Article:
XM and Sirius Press Merger Plan

The satellite radio companies XM and Sirius face one big obstacle to their proposed merger: they're the only two players in the field. The companies say the notion of what constitutes the satellite market needs to be reconsidered.

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ROBERT SIEGEL, host:

From NPR News, this is ALL THINGS CONSIDERED. I'm Robert Siegel.

Within the next few months, the government has to decide whether to allow the nation's two satellite radio companies, XM and Sirius, to merge. Decisions like this are usually pretty straightforward. Regulators determine whether the merger would hurt competition and thus be bad for consumers. But this situation may be different.

As NPR's Jim Zarroli reports, the radio business is changing so fast the firms say it's time to rethink the traditional definition of the media marketplace.

JIM ZARROLI: When Blair Levin was chief of staff for the Federal Communications Commission, a lot of big media mergers landed on his desk. Levin says he usually could sense right away if the mergers deserve to be approved. But Levin says the proposed merger of Sirius and XM is different.

Mr. BLAIR LEVIN (Former Chief of Staff, Federal Communications Commission): All antitrust cases come down to the question of will the deal will tend to diminish competition in a relevant product and geographic market. In this case, there's this very serious question about what the right market definition is.

ZARROLI: XM and Sirius are the Pepsi and Coke of the satellite industry. They offer competing and very similar products. For a monthly fee, subscribers get multiple channels of crystal-clear, largely commercial-free music and information programming. Each of the companies has a roster of big-name stars, like Martha Stewart, Howard Stern, and Oprah Winfrey.

(Soundbite of ad)

Unidentified Woman #1: "Oprah & Friends" on XM Satellite Radio.

Unidentified Woman #2: (Singing) "Oprah & Friends."

ZARROLI: XM and Sirius officials say that if the government lets the companies merge, consumers will get access to a lot more programming. They'll no longer have to choose between the company that offers Howard Stern and the one that offers Opie and Anthony. Mel Karmazin is Sirius's chief executive officer.

Mr. MEL KARMAZIN (Chief Executive Officer, Sirius Satellite Radio): If the Sirius subscriber - obviously they subscribe to our service because they like our content. And now, by us being able to take some of the content from XM makes that service even more desirable.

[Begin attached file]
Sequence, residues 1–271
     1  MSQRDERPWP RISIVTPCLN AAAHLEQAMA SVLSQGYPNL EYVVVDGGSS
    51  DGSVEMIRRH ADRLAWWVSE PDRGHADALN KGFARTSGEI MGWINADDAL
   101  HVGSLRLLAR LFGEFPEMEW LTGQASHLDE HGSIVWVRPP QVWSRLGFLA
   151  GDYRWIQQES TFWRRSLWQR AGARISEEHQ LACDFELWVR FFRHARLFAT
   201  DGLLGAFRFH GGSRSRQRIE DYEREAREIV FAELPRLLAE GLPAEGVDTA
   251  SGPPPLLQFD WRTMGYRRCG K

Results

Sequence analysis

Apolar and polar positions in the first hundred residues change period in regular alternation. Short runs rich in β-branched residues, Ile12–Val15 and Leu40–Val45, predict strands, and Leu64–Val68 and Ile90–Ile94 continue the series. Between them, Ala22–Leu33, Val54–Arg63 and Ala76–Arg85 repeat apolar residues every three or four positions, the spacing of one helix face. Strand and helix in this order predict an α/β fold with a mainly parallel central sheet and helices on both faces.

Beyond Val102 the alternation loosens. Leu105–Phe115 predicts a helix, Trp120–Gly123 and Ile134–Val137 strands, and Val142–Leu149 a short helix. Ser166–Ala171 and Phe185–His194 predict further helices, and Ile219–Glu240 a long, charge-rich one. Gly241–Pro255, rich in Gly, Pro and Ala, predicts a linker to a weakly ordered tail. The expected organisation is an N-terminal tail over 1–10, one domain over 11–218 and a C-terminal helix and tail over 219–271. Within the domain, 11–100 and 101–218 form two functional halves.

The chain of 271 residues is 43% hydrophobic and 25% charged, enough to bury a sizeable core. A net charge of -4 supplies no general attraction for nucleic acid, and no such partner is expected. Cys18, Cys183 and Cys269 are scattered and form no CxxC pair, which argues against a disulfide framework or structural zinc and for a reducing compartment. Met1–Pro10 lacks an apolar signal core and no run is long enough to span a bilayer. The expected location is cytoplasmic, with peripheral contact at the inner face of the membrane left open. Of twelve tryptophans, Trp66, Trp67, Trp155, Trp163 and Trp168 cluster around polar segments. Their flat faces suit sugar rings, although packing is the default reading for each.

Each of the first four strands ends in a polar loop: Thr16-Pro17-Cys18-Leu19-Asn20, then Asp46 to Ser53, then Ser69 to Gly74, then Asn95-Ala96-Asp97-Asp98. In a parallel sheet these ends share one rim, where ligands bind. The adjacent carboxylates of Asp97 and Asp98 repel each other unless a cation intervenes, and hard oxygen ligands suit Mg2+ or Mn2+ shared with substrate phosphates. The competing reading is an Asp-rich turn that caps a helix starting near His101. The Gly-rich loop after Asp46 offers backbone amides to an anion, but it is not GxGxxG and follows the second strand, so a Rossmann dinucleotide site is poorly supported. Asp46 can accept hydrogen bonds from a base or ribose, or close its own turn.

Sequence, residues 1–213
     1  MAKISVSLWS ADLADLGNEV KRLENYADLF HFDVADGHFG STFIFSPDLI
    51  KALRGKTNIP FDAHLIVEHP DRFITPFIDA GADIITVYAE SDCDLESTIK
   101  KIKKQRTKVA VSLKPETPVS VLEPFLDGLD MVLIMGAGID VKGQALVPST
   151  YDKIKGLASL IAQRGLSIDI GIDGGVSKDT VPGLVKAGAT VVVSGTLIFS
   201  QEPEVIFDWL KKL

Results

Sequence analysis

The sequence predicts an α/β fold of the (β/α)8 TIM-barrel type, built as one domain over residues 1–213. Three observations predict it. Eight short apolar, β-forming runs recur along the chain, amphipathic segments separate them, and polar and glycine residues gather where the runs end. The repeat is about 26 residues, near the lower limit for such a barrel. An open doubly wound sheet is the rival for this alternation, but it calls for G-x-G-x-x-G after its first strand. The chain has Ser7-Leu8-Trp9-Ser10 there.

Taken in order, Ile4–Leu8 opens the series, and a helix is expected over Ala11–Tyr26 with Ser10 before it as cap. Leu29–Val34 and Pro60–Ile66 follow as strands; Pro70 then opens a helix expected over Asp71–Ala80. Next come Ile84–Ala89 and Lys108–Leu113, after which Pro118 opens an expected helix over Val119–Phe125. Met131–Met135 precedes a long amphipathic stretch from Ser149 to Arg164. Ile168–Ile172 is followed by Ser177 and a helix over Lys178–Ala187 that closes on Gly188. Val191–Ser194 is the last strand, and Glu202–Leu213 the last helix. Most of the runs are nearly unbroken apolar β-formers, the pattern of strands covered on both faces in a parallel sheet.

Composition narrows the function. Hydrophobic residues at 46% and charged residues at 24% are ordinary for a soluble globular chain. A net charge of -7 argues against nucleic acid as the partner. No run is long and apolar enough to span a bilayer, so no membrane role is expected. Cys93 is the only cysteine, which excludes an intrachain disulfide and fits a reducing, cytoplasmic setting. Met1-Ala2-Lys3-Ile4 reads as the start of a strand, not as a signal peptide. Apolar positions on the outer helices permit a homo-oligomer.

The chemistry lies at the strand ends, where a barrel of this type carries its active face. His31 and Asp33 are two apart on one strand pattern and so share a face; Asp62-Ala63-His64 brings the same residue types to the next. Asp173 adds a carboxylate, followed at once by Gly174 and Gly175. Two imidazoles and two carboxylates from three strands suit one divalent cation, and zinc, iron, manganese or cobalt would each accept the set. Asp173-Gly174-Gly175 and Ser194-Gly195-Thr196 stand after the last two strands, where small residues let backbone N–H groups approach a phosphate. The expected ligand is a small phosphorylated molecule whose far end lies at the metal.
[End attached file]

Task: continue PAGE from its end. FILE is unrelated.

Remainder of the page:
ZARROLI: But critics - and there are a lot of them - say letting the two companies merge would be nothing short of crazy. Jimmy Schaeffler of the Carmel Group, who prepared a report on the deal for the broadcaster's lobby, says the merger would allow one company to dictate subscription fees, programming content and the pay given to performers.

Mr. JIMMY SCHAEFFLER (The Carmel Group): They are a duopoly. And to make that into a monopoly is exactly why antitrust rules were put in place in the first place. It's not good for the consumer.

ZARROLI: Schaeffler notes that when XM and Sirius were awarded their licenses in 1997, the FCC stipulated that they should never be allowed to merge. But Sirius CEO Karmazin says back then the only real competition they faced was AM and FM radio. Now there's HD radio, and Internet radio, and iPods.

Mr. KARMAZIN: So obviously there is an abundant of competition in the audio entertainment field, and that's the field that Sirius and XM compete in.

ZARROLI: Critics reply that these new audio devices don't really compete directly with satellite, because they don't work the same way. The argument that the iPod and satellite radio compete for customers is somewhat novel, and it would require regulators to expand the definition of the satellite marketplace. Blair Levin, for one, says the argument has some merit.

Mr. LEVIN: Ask yourself the following question: if the iPod didn't exist, how much would you be willing to pay for satellite radio relative to what you're willing to pay today? I think the number is significantly higher.

ZARROLI: If the merger is rejected, the companies say they'll go back to competing as usual. But both companies have lost hundreds of millions of dollars over the years building up their brands. A rejection would delay the day when they finally turn a profit even more.

Jim Zarroli, NPR News, New York.

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